The Montana University System and Firearms
Authority, Policy, Discussion and Conclusions
© by Gary Marbut*, 2008
This paper will discuss the treatment of firearms by the Montana
university system, the authorities available, the policies applied,
discussion of the reasonableness of any regulatory effort, and
Excluded from this discussion will be laws and policies relating to
regulating campus security personnel and the firearms they are allowed
In the wake of the tragedy at Virginia Tech, there is renewed interest
in the role of firearms on university and college campuses, and in
regulation of firearms on campus. This is an issue of national
interest. University and college administrators desire to make
campuses as safe as possible for students and employees, and may have a
legal duty to do so. Some believe that adopting campus policies
limiting or banning firearms will make campuses safer for
everyone. Others believe that those intending Virginia Tech-type
assaults will not be deterred by mere campus policies, the only effect
of which will be to insure a defenseless pool of unarmed victims
incapable of mounting effective resistance to mayhem.
This has been a matter of policy debate in Utah for several years, and
is the subject of proposed legislation in Virginia, South Dakota,
Arizona and other states. What is the status of this discussion
Montana Constitution. The
chief controlling authority in Montana is the Montana
Constitution. The right of individuals to bear arms in Montana is
secured from government intrusion by the people of Montana with a clear
statement at Article II, Section 12 of the Montana Constitution.
It is worth repeating that declaration of right here in full:
Section 12. Right to bear arms.
The right of any person to keep or bear arms in defense of his own
home, person, and property, or in
aid of the civil power when thereto legally summoned, shall not be
called in question, but nothing herein contained shall be held
to permit the carrying of
Several points are worth noting about this declared right.
1) The Montana Supreme Court has said that the individual rights
reserved by the people to themselves in the Montana Constitution are
specifically a direct bar to government actors. (St. v. Long, 216 M 65,
700 P2d 153, 42 St. Rep. 643 (1985))
2) There is no question but what the Montana university system is
a government entity - a creation of government -, and that its
employees and managers are government actors. It is funded by
government and its structure and activities are determined and governed
by Montana law, including the Montana Constitution. The
university system exists only as authorized by law, perhaps an exact
definition of a government entity.
3) The wording of the right to bear arms in the Montana
Constitution is unchanged since the adoption of the territorial
constitution in 1884 and the statehood constitution in 1889, including
with the Montana constitutional revision in 1972.
4) The right to bear arms in Montana is a personal and individual
right under the Montana Constitution, and no sort of right of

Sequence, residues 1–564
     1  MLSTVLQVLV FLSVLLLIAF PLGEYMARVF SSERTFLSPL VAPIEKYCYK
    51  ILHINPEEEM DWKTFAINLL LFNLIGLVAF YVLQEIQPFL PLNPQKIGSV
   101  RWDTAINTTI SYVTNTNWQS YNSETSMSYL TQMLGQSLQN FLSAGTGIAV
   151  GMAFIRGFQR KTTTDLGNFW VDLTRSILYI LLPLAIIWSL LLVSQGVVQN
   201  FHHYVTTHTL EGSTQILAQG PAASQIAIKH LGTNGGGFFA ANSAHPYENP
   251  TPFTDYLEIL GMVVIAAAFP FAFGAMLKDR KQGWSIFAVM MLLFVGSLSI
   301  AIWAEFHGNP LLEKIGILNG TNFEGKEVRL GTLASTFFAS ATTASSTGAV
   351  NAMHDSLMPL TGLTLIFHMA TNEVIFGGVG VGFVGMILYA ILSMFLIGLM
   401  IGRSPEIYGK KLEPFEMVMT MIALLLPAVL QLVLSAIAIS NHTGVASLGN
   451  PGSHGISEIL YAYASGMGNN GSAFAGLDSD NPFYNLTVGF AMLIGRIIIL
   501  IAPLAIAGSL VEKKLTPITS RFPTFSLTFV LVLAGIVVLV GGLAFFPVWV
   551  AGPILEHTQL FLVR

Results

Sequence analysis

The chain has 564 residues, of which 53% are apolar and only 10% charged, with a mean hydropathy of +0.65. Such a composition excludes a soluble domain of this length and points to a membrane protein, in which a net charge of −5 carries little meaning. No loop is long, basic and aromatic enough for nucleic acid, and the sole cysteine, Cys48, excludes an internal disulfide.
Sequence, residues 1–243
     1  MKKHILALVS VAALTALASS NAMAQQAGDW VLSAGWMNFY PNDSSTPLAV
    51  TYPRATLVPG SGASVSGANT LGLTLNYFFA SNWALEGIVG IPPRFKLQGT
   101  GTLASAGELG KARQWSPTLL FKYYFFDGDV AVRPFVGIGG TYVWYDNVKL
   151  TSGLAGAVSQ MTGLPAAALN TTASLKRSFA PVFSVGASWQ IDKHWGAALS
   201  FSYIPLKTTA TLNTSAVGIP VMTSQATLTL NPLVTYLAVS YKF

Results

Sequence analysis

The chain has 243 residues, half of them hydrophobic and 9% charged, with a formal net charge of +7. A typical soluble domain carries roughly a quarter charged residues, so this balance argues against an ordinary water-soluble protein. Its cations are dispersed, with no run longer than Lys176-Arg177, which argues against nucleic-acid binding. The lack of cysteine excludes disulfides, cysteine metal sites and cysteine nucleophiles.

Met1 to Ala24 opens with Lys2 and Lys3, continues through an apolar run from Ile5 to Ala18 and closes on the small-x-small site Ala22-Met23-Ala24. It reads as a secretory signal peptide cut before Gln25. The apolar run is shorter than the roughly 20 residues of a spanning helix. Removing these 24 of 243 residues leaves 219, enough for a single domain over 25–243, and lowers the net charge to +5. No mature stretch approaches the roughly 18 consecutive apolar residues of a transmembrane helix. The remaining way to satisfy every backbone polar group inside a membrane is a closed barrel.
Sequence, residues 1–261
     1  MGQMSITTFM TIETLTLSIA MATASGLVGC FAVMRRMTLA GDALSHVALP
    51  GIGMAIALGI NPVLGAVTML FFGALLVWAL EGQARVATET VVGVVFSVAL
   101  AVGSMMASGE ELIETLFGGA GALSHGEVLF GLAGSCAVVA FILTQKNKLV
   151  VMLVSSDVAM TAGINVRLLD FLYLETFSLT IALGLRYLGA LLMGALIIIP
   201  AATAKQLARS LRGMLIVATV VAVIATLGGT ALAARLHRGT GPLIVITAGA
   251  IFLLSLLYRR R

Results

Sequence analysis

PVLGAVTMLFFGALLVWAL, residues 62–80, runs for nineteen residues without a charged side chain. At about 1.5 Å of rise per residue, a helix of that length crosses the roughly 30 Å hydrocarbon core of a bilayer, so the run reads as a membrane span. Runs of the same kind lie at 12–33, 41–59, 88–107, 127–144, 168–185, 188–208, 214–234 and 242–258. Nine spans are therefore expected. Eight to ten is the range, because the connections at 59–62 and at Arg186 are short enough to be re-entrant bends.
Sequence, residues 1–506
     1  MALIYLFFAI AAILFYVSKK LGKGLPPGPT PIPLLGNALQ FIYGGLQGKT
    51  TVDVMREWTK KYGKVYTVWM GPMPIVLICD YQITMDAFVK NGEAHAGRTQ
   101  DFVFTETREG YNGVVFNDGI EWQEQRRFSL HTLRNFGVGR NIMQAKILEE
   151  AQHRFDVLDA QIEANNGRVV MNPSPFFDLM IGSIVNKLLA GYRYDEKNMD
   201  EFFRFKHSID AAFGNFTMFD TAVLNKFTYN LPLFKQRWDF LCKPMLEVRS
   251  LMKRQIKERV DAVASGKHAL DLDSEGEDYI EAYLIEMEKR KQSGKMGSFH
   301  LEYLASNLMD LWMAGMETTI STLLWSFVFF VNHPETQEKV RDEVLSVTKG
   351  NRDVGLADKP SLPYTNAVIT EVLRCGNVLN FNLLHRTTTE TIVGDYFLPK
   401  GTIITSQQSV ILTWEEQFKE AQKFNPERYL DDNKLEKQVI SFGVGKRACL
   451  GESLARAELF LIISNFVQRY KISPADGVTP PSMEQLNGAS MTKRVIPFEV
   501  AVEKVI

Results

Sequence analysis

government as is sometimes argued about the Second Amendment to the
5) The right to bear arms clearly contemplates the right of "any
person" to defend himself or herself, and to defend their home,
whatever their home may be.
6) The right to bear arms does not include a right to carry
concealed weapons, defined in the law as concealed by an article of
clothing, a practice in Montana that is a privilege granted by the
7) The right to self defense and the right to possess the
necessary tools for that purpose is well-supported by other provisions
in the Declaration of Rights in the Montana Constitution, including
Sections 3, 4, and 10. 
The Montana Constitution says at Article X, Section 9:
(2) (a) The government and
control of the Montana university system is vested in a board of
regents of higher education which
shall have full power, responsibility, and authority
to supervise, coordinate, manage and control the Montana university
system and shall supervise and
coordinate other public educational institutions assigned by law.
While this is a broad grant of constitutional authority, it does not
grant the Board of Regents authority to dismiss, ignore or override
other parts of the Constitution. Also, there has been tension
between the Board of Regents and the Legislature concerning the extent
of the authority of each over the university system, especially
concerning funding by the Legislature. The courts have supported
the Board of Regents in resolving this tension, saying that the
Legislature may not assert control with budgeting action that is given
to the Board of Regents by the Constitution in Section 9.(2)(a).
Other relevant authorities of the university system.
In addition to the foregoing, the university system has some other
common authorities. These include an employer's authority over
employees as a part of the employer/employee contract, a landlord's
authority over tenants as a part of the landlord/tenant relationship,
and it includes some authority over enrolled students as a condition of
enrollment. All of these authorities may be tempered by whatever
effect is produced from the restraint upon government actors by